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Expecting "Hello from the derived." but getting "Hello from the base.".

class Program
{
    interface IBase
    {
        void Method();
    }

    public class Base: IBase
    {
        public virtual void Method()
        {
            Console.WriteLine("Hello from the base.");
        }
    }

    public class Derived : Base
    {
        public virtual new void Method()
        {
            Console.WriteLine("Hello from the derived.");
        }
    }

    static void Main(string[] args)
    {
        IBase x = new Derived();
        x.Method();
    }
}

So why isn't the derived class's method called. And more importantly, how can I get the derived classes method to get called without casting x to the Derived type?

In my actual application, IBase has several other related methods and Derived only replaces two of the methods in IBase.

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5 Answers 5

up vote 2 down vote accepted

When you use the new modifier you are specifically saying that the method is not part of the virtual dispatch chain for that hierarchy, so calling the method by the same name in the base class will not result in redirection to the child class. If you mark the method with override instead of new then you will see the virtual dispatch that you are expecting to see.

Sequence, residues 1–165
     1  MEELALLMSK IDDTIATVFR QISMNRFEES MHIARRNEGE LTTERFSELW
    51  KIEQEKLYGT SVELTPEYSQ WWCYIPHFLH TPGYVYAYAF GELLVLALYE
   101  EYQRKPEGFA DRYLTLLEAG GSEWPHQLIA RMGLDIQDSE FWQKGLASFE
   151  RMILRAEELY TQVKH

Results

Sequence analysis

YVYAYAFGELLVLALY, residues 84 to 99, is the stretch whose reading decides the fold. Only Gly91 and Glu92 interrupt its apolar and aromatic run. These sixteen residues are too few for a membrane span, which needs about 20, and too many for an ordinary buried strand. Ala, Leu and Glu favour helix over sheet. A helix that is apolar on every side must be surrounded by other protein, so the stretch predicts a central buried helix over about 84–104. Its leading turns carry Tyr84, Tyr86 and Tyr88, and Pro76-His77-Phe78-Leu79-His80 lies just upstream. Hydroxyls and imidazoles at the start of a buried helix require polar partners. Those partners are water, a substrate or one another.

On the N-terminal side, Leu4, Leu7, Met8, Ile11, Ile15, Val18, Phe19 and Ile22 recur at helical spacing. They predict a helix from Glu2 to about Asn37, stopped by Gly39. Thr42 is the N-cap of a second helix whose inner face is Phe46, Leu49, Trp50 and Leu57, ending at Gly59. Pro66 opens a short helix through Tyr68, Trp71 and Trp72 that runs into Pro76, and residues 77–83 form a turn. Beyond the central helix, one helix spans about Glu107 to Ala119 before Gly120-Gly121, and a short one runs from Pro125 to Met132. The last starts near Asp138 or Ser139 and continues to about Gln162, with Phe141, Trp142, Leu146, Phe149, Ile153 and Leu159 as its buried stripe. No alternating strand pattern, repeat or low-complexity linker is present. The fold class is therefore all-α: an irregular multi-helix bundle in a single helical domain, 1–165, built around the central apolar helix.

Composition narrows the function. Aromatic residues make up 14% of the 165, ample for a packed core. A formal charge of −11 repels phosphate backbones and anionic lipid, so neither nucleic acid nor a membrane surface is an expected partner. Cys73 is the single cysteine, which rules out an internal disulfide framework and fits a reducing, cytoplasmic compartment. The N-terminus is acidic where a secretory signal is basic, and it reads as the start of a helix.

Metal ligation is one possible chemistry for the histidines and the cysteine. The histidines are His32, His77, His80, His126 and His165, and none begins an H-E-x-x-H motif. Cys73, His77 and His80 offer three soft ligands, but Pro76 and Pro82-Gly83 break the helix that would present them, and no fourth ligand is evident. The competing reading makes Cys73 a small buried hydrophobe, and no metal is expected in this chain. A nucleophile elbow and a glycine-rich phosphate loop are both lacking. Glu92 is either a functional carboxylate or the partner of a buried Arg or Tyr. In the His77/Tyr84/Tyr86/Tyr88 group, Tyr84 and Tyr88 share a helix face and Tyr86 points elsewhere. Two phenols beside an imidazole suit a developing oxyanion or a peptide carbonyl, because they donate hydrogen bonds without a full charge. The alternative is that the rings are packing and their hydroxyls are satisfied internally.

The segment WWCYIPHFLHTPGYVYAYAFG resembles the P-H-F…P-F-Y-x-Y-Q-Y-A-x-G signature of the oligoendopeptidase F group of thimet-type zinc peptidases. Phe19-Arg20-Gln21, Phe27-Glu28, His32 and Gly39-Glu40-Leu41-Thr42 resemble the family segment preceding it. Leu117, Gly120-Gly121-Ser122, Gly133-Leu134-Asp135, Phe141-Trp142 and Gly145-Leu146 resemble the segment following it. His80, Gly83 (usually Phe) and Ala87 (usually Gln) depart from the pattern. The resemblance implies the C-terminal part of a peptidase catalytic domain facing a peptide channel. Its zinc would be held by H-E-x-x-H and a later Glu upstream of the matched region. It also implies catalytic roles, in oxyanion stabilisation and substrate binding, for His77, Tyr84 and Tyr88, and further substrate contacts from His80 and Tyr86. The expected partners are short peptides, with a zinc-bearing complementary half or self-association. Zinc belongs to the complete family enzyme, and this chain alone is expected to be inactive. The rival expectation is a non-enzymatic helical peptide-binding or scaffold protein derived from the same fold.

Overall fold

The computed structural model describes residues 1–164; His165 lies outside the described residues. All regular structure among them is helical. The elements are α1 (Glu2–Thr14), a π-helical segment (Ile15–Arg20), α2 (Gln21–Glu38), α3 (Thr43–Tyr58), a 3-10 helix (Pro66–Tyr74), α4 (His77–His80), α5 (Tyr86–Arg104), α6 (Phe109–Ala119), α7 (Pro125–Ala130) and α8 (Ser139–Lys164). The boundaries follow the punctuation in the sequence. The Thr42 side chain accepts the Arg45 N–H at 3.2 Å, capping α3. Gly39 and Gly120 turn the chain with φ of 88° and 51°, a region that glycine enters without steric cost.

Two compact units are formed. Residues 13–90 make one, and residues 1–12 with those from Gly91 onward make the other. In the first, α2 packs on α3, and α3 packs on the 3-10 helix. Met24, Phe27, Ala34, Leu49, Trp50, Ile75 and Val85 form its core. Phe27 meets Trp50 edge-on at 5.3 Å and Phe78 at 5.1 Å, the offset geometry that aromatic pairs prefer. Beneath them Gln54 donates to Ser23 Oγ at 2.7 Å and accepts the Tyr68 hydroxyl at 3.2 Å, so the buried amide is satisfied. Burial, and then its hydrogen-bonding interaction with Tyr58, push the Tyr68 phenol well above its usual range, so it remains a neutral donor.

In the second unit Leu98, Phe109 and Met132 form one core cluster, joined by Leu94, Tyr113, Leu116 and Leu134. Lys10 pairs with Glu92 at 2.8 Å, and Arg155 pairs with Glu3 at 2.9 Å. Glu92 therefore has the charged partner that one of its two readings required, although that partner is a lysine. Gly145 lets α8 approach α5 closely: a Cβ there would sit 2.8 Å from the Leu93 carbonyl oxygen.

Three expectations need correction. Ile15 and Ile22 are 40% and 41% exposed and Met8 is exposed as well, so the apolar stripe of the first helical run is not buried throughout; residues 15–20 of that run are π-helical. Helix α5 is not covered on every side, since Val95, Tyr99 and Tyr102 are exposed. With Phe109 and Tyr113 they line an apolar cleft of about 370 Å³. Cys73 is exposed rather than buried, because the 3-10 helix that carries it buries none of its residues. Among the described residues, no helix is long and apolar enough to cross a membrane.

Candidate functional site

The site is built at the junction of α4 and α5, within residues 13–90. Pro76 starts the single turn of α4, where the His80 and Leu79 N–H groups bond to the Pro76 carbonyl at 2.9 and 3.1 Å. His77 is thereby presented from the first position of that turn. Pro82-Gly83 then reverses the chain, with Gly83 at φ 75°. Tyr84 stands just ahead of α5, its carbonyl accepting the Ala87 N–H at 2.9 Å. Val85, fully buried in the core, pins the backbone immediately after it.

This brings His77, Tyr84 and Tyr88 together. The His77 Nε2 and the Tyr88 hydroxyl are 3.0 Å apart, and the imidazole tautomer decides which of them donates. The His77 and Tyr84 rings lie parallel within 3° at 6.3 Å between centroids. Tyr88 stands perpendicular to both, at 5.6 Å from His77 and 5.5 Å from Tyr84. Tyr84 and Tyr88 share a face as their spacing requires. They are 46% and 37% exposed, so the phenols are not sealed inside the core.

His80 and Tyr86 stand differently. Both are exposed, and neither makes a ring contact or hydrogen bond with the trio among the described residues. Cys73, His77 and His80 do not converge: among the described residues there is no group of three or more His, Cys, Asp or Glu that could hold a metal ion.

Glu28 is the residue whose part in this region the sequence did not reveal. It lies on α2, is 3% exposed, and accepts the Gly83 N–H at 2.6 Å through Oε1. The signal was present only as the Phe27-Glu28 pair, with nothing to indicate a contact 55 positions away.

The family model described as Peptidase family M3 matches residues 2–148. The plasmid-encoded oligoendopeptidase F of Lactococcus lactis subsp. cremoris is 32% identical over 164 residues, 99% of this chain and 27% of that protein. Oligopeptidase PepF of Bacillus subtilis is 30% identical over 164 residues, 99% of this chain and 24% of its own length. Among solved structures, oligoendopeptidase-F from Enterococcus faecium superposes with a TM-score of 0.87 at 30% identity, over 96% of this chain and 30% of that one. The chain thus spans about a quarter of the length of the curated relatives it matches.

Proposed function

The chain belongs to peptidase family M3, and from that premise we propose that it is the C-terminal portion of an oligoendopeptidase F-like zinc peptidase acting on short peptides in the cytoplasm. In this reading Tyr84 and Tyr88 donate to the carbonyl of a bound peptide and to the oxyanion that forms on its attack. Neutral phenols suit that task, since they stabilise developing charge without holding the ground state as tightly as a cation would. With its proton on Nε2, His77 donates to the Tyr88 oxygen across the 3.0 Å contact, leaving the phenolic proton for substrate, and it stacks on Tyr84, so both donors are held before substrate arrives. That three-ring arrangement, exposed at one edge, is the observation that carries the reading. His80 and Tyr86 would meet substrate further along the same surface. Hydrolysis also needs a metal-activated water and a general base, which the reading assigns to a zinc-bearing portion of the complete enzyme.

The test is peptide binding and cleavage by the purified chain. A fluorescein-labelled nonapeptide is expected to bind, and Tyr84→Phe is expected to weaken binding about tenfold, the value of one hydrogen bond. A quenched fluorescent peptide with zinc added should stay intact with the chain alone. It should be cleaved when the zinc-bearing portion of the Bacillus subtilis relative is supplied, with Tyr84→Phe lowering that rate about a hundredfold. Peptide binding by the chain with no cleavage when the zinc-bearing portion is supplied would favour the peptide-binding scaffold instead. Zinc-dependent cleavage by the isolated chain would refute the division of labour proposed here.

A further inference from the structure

You will also need to remove virtual from the derived class's method as you cannot mark an override method as virtual (it already is).

If you really don't want to override the method then it may be more appropriate, in your situation, to not use inheritance at all. You may simply want to use interfaces exclusively:

public interface IFoo
{
    void Foo();
}

public class A : IFoo
{
    public void Foo()
    {
        Console.WriteLine("I am A, hear me roar!");
    }
}

public class B : IFoo
{
    public void Foo()
    {
        Console.WriteLine("I am B, hear me roar!");
    }
}

private static void Main(string[] args)
{
    IFoo foo = new A();
    foo.Foo();

    foo = new B();
    foo.Foo();

    Console.WriteLine();
    Console.WriteLine("Press any key to exit . . .");
    Console.ReadKey(true);
}
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+10 for the good explanation of what was wrong. –  user1706953 Nov 13 '12 at 15:35
    
You're suggested solution isn't buildable. The compiler complains "Cannot override member 'Program.Base.Method()' because it is not marked virtual, abstract, or override. –  estimpson Nov 13 '12 at 15:42
    
The base method has to be marked virtual and the derived method override. –  Olivier Jacot-Descombes Nov 13 '12 at 15:47
    
@estimpson did you remove virtual from the base class's definition, because you should only remove it from the derived class's definition. –  Servy Nov 13 '12 at 15:47
    
Correction, I now see what you were suggesting. I didn't fully understand your explanation regarding the "virtual dispatch chain for that hierarchy." But that gave me something to investigate for a better understanding. Thanks. –  estimpson Nov 13 '12 at 15:53
show 4 more comments

This is basic polymorphism at work.